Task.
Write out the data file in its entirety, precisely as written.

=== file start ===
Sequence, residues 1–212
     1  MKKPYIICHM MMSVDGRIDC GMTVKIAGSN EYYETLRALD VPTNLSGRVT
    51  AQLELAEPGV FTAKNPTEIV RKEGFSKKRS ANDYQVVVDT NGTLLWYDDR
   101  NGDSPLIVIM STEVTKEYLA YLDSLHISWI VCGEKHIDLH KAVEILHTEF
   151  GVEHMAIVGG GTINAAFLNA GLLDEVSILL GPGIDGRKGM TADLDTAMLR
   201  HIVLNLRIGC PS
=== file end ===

Sequence, residues 1–212
     1  MKKPYIICHM MMSVDGRIDC GMTVKIAGSN EYYETLRALD VPTNLSGRVT
    51  AQLELAEPGV FTAKNPTEIV RKEGFSKKRS ANDYQVVVDT NGTLLWYDDR
   101  NGDSPLIVIM STEVTKEYLA YLDSLHISWI VCGEKHIDLH KAVEILHTEF
   151  GVEHMAIVGG GTINAAFLNA GLLDEVSILL GPGIDGRKGM TADLDTAMLR
   201  HIVLNLRIGC PS